Sunday, June 5, 2011

Special Ed

Thursday night we had the end of school year picnic for the Dancing Queen's special ed preschool or whatever it is called. I was put in my place for calling it special ed preschool. There is a 5 year old, who used to attend day care two houses down from us. He always liked to play with TRex, so when his mom saw us, she asked me if I worked at the school. I said no, DQ attends the special ed preschool. The woman turned to me and tersely stated it is not a special ed preschool, but the early education center. I immediately apologized and said "DQ just transitioned from early intervention in March, so I am getting used to the lingo." I was mortified at how angry this woman got with me. She literally turned on me. After my apology, she grabbed her son and walked away from me.

I've been thinking about the encounter a lot. I looked it up. The school is the early education center, but the program DQ is in is the early childhood special education program, so I was mostly correct. I'm sure the problem words were "special education" and not "preschool", so I offended a stranger because I properly named that my child is in a special ed program. Apparently, the woman doesn't like the thought of her son going to a special ed preschool because he is there simply because he is missing a limb (or at least I assume that is the reason--maybe he needs other help as well). The little boy and TRex played like crazy, doing everything and climbing everything so well that the missing limb only became apparent if they stopped for a moment's rest, which was not often.

I have to assume that the woman was upset because the term "special ed" usually carries the connotation of learning disabled. I will admit that until DQ was born, even though I know special ed programs offered help in everything from PT and OT to speech and learning disabilities, the majority of people I knew in the program had learning disabilities. But I don't think that is bad. I'm happy there are programs to help. I try never to judge a person's intelligence based upon whether they have a learning disability. Being learning disabled just means that the person thinks and learns differently than the average person. (I would think less of their intelligence if they had such a problem and refused to address it or more properly, I'd think less of their parents' intelligence if the problem was being ignored.)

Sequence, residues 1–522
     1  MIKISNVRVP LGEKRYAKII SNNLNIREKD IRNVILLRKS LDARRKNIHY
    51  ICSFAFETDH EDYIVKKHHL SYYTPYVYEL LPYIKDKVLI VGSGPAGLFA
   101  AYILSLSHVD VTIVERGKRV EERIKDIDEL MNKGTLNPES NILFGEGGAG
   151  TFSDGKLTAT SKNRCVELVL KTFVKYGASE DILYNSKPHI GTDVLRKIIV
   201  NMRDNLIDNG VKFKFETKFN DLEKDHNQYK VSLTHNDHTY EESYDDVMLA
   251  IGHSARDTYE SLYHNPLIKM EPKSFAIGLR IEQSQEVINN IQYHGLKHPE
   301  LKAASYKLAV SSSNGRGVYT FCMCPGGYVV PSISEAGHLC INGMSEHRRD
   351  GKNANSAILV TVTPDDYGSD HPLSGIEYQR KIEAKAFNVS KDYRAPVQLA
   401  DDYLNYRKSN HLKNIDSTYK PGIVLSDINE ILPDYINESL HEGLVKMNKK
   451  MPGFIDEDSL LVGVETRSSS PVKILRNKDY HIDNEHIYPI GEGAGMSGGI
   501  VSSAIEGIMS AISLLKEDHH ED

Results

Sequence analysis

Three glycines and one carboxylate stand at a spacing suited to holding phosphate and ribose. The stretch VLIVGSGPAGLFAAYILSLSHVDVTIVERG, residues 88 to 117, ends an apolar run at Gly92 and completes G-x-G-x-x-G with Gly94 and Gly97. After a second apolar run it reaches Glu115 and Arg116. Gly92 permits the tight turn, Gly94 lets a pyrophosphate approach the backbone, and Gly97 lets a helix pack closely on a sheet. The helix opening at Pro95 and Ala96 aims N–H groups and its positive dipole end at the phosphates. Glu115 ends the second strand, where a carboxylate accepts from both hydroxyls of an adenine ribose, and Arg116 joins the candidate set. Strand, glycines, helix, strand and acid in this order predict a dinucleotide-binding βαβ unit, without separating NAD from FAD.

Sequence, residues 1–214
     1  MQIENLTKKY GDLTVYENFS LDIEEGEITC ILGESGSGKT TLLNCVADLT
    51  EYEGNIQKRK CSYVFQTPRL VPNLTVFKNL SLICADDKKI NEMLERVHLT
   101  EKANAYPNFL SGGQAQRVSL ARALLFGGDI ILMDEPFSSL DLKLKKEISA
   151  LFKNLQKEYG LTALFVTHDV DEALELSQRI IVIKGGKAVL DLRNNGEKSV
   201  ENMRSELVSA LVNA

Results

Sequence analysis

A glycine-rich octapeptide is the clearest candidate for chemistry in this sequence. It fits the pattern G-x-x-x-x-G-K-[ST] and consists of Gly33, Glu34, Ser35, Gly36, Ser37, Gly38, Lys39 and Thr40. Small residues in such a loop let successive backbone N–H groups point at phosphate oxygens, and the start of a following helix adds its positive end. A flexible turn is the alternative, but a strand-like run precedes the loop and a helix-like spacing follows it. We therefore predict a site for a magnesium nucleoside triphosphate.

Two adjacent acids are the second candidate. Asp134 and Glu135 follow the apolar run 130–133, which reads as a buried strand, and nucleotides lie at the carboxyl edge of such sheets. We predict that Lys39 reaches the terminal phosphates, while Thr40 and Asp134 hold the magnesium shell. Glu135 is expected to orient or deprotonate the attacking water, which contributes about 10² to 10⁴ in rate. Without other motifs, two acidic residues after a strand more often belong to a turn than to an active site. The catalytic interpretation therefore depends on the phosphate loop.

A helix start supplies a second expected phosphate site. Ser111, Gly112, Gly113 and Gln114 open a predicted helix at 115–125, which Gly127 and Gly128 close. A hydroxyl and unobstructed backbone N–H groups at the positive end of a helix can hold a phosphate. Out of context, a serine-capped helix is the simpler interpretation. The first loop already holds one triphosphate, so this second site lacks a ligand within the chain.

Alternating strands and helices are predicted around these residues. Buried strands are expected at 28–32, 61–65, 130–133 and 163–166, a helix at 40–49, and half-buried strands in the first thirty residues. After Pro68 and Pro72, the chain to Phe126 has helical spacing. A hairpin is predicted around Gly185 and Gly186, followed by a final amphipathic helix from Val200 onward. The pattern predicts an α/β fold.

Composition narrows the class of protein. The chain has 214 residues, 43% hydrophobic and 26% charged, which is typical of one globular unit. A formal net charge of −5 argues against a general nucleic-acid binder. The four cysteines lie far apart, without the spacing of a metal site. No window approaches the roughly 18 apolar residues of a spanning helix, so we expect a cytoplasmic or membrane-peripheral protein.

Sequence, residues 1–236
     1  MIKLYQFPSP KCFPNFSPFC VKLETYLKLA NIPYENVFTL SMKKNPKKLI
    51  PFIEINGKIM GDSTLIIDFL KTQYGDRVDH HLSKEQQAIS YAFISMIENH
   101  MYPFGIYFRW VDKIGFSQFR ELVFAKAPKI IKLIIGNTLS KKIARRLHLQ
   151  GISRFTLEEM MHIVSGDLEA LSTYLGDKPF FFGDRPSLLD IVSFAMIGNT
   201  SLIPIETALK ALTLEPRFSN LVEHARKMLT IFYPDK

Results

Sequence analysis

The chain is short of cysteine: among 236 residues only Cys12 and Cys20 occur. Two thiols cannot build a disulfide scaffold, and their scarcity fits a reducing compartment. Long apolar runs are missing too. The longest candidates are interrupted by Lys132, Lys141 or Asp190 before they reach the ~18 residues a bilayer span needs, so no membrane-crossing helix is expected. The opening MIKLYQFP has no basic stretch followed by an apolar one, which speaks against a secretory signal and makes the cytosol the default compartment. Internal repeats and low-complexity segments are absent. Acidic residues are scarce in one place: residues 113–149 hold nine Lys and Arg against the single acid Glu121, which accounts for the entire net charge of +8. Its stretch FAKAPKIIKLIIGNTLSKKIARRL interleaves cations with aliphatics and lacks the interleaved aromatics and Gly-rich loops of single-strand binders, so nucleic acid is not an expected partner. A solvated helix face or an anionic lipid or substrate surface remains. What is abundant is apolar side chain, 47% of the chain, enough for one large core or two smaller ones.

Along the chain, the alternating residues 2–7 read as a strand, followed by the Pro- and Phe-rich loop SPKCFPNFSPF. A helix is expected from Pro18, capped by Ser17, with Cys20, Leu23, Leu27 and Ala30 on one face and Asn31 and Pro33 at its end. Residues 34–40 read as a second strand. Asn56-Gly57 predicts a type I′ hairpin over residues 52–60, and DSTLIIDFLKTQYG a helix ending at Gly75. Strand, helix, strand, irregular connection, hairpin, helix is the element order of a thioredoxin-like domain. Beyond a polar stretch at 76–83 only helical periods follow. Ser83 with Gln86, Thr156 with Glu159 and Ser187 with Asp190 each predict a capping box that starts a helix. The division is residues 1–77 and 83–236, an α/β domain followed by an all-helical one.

That short encounter on Thursday night made it obvious that the woman has her own biases against special education, which is a shame really. Likely, her son will need services through all of school. Will she let her bias show through to him and judge him? I hope not.

For my purposes though, that encounter has taught me that it is not too early to teach my children who they are and why they are getting services if they are getting services (TRex doesn't need any services, but you never know what the future holds). It is my responsibility to teach DQ and TRex to deal with people who don't understand. Today, when the kids at our primary preschool ask why DQ is taking the school bus to her 'nother school, TRex, DQ, and I tell them that the teachers there are helping DQ get stronger, so she can play better. We've told DQ and TRex that DQ needs help because spending so much time in the hospital, laying down and sick, has left her muscles not as strong, so the therapists help. I think that is a good start for preschoolers, but as the kids age, the questions will be more sophisticated and better answers will be needed.

Odds are that DQ will have a learning disability because of the 22q deletion in the future. That means we will have to be proactive in helping her address what others may say about the special ed classes. My job is to help her not be tore down by people who don't understand by giving her tools to know her place in this world. If she is secure, then hopefully, she will be prepared when faced with people who do not understand and handle it better than I did Thursday night.

Instead of apologizing and doubting myself, I wish I would have said "My daughter is in the special education program and has been since she was 6 months old. She needs help with fine and gross motor skills because she has spent over 6 months out of her 3 years in the hospital, battling the effects of 3 devastating illnesses. We are so happy to have these early special ed programs because they have helped her gain strength and confidence that we could not provide for her ourselves. We are grateful for the help provided by the schools."